“I hope you realize that there are men in this house. I will not have you dress in such a kind of manner!” She added harshly.

Retreating to my room, I was suddenly surprised that my eyes were wet with tears.

Mama Ken has never pretended to be particularly nice to me in the past. I have had to put up with her irritability and her need to constantly remind me of my place in her house. But implying that I was trying to get the attention of her son or husband with my dressing, had crossed the line and had indeed stung.

As I peeled off the “offending” top from my body, I let the tears flow freely. Tears of anger for having to work for someone else and follow all their rules. Rules that governed even how I chose to dress. Right then, I hated being a house help living in Mama Ken’s house.

Later on, when nobody was about and I was busy getting the dry clothes from the dry lines, Ken approached me rather meekly.

“Coretta,” He called.

“I’m sorry I got you into trouble today.” He mumbled apologetically.

Still brooding over my employer’s earlier actions, I only nodded.



Girl looking in the mirror. Photo sourced from Google

It was not long before Mama Brian got a replacement for Jesca.

She arrived, timid and wide eyed. Looking like the slightest scare would cause her to burst into tears. With a village aura around her. The one that urban dwellers found appalling and sometimes humorous.

I knew she would go through the whole orientation process. Make a few stupid mistakes here and there, receive a thorough tongue lashing from her employer, quickly learn the basics of city life and eventually, join the ilk of house helps who had already spent a significant amount of time in employment.

One thing I have never understood in my whole duration in the city, is why an employer expected you to be enlightened but not too enlightened at the same time. Almost like you could not be trusted if you ended up completely refined.

In Mama Ken’s house, it was totally okay for Angie to dress in a fitting pair of jeans but wrong for me to dress in a pair of tights under a knee length dress. It was totally okay, for the teenagers to spend as much time as they wanted on their phones but wrong for me to keep receiving calls on my simple phone. It was perfectly in order, for the teenagers to hang around the living room when there were visitors but wrong for me, to appear the slightest bit interested in conversation that did not concern me.

I have since concluded that urban dwellers have this deep seated insecurity, that makes them suspicious of anything likely to threaten their position of enlightenment. I have no desire whatsoever to compete with my employer. As a matter of fact, I’m beginning to experience a different kind of awareness. One that is confusing even to myself.

The awareness that I’m actually a beautiful girl.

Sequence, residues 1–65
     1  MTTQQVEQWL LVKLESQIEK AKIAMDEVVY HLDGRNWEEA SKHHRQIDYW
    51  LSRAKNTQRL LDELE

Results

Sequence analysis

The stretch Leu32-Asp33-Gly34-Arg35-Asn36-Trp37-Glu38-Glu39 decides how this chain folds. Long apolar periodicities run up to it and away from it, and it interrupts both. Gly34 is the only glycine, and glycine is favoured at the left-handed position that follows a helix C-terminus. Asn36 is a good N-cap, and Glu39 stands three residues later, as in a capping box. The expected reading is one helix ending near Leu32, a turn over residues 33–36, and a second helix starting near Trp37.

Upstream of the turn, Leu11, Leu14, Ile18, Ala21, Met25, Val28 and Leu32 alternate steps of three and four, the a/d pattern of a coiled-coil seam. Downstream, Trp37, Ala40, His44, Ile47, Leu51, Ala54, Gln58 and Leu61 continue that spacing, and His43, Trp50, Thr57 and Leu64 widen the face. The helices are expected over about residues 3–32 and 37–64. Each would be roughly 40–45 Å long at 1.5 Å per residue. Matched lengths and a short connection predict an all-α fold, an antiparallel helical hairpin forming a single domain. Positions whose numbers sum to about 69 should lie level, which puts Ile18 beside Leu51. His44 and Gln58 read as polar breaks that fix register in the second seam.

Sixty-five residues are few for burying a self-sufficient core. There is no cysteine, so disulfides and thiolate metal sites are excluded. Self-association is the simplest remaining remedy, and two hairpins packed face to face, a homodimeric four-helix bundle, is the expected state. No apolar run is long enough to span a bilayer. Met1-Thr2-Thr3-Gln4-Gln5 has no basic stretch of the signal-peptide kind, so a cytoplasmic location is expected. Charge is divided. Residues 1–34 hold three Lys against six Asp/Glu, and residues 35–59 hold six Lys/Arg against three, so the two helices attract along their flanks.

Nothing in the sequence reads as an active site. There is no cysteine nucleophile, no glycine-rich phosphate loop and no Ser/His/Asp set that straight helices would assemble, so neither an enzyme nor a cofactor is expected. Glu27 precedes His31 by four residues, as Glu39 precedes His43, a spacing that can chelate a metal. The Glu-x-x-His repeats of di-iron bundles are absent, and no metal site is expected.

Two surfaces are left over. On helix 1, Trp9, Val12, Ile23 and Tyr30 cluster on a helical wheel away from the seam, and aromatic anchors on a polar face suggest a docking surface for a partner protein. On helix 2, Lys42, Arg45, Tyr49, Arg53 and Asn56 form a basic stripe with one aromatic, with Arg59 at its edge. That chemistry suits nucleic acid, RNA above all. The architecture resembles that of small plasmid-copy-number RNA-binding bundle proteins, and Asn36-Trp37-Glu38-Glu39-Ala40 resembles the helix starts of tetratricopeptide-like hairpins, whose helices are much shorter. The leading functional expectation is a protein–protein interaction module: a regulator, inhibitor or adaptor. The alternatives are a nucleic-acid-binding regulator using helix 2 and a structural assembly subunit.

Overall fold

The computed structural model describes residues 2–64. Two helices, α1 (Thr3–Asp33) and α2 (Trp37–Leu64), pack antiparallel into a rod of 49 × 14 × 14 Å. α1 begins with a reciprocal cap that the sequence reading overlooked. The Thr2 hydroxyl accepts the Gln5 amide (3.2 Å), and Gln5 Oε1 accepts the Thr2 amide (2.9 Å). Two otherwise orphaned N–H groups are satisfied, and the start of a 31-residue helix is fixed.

Beautiful is not a word I would have used to describe myself with in the past. I like to think of myself as plain. I was a late bloomer. I remember my breasts started developing long after Priscilla’s had already blossomed into a full chest.

Quite recently, as I was taking a bath, I noticed just how full my breasts have since become. There is a large mirror in my employer’s bathroom. It is one that I have never bothered looking at in the past. For some reason, with that awareness of the changes in my body, I found myself staring back at my naked reflection that day. Even my hips appeared larger in the mirror.

Then I smiled.

It is a good feeling realizing something about yourself that you had never known in the past. For the first time, my clothes felt drab. The shapeless lengthy skirts and simple tops that I wore in the house did not feel like clothes I wanted to keep wearing. They did not flatter this new figure like I wanted.

But then I wonder if this kind of awareness is even right. Mama Ken has lectured me in the past about the opposite sex. Not that I have ever acted in ways that showed I was interested in men in the past. Mama Ken tends to mention in passing that men can derail a woman and especially a naive girl from the village such as myself. Sometimes, I wonder if she equally takes her time to lecture her children on the same.

Employers seem to have this mentality that the worst can only come from their house helps and not their own kids. Having made a promise to her son not to say anything, I cannot tell Mama Ken that a girl shows up at her house on most weekends when she and her husband are away working. I don’t want to lose my job for withholding information.

So if Ken was ever to get caught, let him get caught by either of his parents. I have since decided that it will be easier for me to pretend then, that I knew nothing about it.



Painting courtesy of June Kelly Gallery, New York. Photo credit: Becket Logan

Then Jesca quit.

I had seen it coming so it was not a surprise to me.

Although we rarely talked in recent times, I knew it was only a matter of time before Jesca, finally decided to pack her bags and leave her employer’s house. She was one not easily satisfied and on those occasions we had spoken in the past, kept alluding to domestic work jobs which paid better.

When a house help suddenly quit her job, she immediately transformed into the villain. Even the watchman at the main entrance to our court, automatically knew that the errant girl was no longer welcomed in the environment. Women who hardly paid attention to each other before, instantly transformed into the best of friends, discussing about the help, who had been ungrateful enough to just up and leave.

Although your decision to quit might have been reasonable enough, no employer wanted to admit to that. The common consensus was that it was shameless for the girl to do so.

The day that Jesca left, Mama Brian, her once employer, came visiting in the evening when she was sure that Mama Ken was already home from work.